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Hydrangeas & Frost

By Jacob J. Wright ; Updated September 21, 2017
Hydrangeas need a cool winter dormancy.

Perfect for gardens in temperate climates, hydrangeas need a winter dormancy that is punctuated with frost and subfreezing temperatures. However, if a hydrangea shrub is leafy or in bloom, frost will scald it and turn the plant tissue brown, and the petals and leaves will drop off. Untimely spring frosts can kill flower and leaf buds on shrubs, and reduce or prevent flowering later in spring and summer.

Species

According to the American Horticultural Society's book, "A-Z Encyclopedia of Garden Plants", about seven species of hydrangea are widely cultivated. Common hydrangeas include the smooth hydrangea (Hydrangea arborescens), Sargent's hydrangea (Hydrangea aspera), bigleaf hydrangea (Hydrangea macrophylla), peegee hydrangea (Hydrangea paniculata), oakleaf hydrangea (Hydrangea quercifolia), mountain hydrangea (Hydrangea serrata), climbing hydrangea (Hydrangea petiolaris) and Villosa hydrangea (Hydrangea villosa).

Cold Hardiness

These non-tropical shrubs grow in regions with cool to cold winters, in USDA Hardiness Zones 3 through 9. Each species or hybrid hydrangea has unique, varied hardiness within these zones. These zones are susceptible to frosts in autumn and winter, where average minimum temperatures drop below 30 degrees Fahrenheit.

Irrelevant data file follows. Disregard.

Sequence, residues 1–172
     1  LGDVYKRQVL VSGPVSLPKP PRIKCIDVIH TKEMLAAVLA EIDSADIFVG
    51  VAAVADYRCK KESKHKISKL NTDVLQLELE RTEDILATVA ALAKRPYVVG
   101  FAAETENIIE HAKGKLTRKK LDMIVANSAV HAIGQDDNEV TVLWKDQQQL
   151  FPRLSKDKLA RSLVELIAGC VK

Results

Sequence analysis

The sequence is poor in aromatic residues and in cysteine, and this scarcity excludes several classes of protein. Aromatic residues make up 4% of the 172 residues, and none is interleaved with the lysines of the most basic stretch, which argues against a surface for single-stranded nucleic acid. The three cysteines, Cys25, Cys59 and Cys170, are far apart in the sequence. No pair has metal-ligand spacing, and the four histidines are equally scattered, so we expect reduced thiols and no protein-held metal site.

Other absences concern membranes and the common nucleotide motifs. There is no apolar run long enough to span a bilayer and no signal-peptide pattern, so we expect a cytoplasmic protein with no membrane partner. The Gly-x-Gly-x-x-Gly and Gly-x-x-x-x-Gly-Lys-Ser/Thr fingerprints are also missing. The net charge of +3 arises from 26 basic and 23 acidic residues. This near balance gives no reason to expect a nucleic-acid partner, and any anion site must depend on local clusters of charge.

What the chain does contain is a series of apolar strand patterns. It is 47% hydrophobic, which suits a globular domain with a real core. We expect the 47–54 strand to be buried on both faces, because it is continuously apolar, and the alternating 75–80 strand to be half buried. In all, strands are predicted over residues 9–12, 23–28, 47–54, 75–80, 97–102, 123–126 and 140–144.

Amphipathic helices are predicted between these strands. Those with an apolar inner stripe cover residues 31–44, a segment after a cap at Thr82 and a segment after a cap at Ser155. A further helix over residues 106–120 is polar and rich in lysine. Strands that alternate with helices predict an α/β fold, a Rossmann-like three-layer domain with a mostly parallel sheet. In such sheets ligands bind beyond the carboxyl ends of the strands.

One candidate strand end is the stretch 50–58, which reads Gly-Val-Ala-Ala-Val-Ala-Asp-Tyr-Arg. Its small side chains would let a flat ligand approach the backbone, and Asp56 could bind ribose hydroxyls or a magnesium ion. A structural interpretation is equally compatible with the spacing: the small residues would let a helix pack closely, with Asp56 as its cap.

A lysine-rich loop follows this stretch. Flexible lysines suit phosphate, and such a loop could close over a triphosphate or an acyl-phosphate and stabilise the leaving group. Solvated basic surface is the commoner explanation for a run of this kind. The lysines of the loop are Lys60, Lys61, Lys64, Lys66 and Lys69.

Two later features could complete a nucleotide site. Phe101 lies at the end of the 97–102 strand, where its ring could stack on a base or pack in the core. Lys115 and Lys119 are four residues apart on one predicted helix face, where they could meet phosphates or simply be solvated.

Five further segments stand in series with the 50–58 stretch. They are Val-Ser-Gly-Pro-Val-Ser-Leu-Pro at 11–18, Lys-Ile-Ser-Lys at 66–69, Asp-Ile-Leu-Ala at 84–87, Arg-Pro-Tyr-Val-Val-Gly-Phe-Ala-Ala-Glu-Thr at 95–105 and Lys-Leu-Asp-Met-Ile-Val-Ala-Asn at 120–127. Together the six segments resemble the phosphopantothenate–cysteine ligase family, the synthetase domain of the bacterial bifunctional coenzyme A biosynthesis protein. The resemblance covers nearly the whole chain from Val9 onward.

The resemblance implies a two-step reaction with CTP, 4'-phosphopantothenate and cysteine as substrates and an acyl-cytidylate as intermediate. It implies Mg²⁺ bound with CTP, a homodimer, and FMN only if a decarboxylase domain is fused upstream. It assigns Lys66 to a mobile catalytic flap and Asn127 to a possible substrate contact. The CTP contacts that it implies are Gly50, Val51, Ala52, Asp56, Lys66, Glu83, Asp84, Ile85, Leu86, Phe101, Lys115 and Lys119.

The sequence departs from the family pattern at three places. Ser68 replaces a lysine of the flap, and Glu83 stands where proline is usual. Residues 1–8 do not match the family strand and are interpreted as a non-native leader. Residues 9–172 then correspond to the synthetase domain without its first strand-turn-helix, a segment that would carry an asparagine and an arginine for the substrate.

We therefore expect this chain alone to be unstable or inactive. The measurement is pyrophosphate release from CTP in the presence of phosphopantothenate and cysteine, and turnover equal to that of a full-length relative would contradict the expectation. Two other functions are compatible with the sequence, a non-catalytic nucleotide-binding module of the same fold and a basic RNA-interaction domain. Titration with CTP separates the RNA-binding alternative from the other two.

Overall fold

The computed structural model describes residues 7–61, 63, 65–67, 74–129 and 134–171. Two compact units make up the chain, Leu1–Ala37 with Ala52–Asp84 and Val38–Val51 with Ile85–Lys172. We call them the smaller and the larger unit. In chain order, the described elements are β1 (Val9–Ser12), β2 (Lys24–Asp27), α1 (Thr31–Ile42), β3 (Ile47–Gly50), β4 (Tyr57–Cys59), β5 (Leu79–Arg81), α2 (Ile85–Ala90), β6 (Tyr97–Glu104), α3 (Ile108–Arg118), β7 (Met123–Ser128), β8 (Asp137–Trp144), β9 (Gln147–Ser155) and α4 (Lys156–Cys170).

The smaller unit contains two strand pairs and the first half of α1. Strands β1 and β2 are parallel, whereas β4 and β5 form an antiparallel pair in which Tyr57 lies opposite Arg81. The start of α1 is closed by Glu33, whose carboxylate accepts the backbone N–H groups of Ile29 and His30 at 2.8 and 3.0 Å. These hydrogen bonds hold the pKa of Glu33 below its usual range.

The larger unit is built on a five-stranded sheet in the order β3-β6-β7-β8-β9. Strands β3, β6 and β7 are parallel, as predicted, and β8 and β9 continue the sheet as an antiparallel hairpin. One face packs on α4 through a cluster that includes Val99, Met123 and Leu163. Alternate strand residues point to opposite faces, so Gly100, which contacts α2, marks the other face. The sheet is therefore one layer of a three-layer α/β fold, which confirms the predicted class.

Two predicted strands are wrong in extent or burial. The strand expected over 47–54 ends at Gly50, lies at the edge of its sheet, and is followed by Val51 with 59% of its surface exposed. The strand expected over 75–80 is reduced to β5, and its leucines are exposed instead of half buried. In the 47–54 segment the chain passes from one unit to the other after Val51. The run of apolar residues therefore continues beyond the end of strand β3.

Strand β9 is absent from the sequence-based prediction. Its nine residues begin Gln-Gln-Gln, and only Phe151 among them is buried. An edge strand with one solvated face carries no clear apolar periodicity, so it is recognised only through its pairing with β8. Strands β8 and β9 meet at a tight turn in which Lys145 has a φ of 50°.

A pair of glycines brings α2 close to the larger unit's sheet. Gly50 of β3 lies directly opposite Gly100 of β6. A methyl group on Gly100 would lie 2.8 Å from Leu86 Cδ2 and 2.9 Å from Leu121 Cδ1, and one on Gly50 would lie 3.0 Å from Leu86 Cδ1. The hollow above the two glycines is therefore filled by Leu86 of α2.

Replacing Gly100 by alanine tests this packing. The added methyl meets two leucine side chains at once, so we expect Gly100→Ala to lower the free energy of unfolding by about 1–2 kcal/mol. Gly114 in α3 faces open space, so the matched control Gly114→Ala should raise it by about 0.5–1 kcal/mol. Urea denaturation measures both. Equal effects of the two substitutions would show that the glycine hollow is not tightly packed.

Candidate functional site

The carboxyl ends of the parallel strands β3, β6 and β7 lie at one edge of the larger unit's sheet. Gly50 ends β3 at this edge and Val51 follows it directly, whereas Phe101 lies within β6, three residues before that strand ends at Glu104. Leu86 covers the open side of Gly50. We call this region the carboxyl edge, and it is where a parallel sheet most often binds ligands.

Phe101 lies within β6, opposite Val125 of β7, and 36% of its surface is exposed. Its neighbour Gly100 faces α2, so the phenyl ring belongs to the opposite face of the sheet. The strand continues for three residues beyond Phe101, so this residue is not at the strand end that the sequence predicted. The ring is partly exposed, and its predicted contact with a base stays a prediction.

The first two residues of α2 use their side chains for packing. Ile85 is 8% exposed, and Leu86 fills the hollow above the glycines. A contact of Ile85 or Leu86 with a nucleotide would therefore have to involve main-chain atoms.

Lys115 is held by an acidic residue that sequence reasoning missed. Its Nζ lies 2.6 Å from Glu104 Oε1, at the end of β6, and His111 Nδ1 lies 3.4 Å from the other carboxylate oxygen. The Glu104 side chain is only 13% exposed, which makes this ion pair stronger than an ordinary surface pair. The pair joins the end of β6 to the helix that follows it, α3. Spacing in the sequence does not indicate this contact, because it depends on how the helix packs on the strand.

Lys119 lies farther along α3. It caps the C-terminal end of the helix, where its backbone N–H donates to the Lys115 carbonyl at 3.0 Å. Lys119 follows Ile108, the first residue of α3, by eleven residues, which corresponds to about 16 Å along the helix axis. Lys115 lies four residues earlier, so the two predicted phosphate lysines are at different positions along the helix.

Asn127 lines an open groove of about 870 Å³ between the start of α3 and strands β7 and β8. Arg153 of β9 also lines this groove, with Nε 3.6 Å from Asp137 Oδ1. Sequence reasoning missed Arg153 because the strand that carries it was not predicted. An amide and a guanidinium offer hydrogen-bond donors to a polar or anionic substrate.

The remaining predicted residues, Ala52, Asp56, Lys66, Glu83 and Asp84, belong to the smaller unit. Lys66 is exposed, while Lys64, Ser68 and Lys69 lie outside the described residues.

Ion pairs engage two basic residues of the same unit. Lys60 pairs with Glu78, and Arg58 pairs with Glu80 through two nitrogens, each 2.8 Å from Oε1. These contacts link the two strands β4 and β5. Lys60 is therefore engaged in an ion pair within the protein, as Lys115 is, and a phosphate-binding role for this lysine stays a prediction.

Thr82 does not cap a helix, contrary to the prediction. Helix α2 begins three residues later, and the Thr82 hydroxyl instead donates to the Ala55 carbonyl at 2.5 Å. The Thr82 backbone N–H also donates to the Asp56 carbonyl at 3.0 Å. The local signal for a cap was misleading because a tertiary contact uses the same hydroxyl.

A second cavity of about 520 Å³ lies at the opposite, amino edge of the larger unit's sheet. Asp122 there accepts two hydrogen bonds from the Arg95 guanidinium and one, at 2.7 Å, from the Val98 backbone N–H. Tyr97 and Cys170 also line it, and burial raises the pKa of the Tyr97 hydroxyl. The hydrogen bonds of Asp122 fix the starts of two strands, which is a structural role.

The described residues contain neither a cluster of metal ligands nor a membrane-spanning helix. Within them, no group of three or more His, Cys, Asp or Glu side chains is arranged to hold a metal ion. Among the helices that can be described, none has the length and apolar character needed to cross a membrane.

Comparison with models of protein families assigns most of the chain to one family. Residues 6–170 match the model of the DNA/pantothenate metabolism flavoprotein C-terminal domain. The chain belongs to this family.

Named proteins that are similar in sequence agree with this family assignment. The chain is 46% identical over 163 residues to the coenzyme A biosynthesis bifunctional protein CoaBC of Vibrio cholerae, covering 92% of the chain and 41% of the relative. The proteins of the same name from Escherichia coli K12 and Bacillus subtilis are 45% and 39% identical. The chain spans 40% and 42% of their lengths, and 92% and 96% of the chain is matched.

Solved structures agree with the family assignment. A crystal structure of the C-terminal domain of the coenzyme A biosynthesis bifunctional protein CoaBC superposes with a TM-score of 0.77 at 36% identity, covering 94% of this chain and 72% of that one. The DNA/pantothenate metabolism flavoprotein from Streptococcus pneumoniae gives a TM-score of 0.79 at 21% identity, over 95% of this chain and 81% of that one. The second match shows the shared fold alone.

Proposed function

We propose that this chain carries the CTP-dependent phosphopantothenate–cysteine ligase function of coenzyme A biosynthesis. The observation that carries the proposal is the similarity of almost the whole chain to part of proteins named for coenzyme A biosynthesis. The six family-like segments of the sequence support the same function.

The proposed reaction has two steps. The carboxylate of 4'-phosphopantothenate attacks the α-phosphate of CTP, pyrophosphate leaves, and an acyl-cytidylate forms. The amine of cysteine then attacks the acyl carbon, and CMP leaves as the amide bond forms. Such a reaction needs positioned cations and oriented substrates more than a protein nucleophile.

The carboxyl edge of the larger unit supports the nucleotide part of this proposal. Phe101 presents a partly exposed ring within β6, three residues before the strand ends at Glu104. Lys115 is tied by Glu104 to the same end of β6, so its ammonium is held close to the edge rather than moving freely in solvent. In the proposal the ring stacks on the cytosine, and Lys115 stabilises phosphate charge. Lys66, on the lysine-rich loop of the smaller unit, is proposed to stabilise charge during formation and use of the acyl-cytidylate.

Effects of Frost

In spring, when flower buds swell, a late season frost causes buds to drop off, diminishing the future flower display. Protect shrubs from a late frost by covering them with a cloth sheet or blanket when unseasonal cold is forecast. Plants nipped by frost should be cleaned and pruned only when there is no further threat of frost in spring.

Frost causes hydrangeas' petals and leaves to turn brown in early to mid-autumn. Although the petals may be lost, some foliage may remain and over the course of the next 3 to 14 days may change from green to rust, orange, or burgundy before fully falling off the shrub. Old, dried flowers that remain on the shrubs will not be affected by the cold.

Hydrangeas forced in containers for seasonal florist sales are susceptible to leaf and flower damage if exposed to freezing temperatures. These potted plants are grown in greenhouses and if abruptly exposed to cold air will be harmed during transport or if accidentally left outdoors on the patio on a frosty night. The plants won't be killed, but the foliage and flowers will turn brown.

Frost Requirement

Hydrangeas are shrubs native to eastern North America and eastern Asia where cool to cold winters occur. The hydrangea needs the autumnal frost to start its annual dormancy. The prolonged temperatures below 40 degrees Fahrenheit in winter allow the flower buds to open fully the following spring. Newer modern hydrangea hybrids, such as the bigleaf hydrangea, do not need winter cold flower.

Benefits of Frost

Frosts and cold winter temperatures kill insects and eggs. Leaves infected by sooty mold are killed and drop from the shrub. The cold helps to kill drying, sickly and old stems.

 

About the Author

 

Jacob J. Wright became a full-time writer in 2008, with articles appearing on various websites. He has worked professionally at gardens in Colorado, Florida, Minnesota, New York, North Carolina and Pennsylvania. Wright holds a graduate diploma in environmental horticulture from the University of Melbourne, Australia, and a Master of Science in public horticulture from the University of Delaware.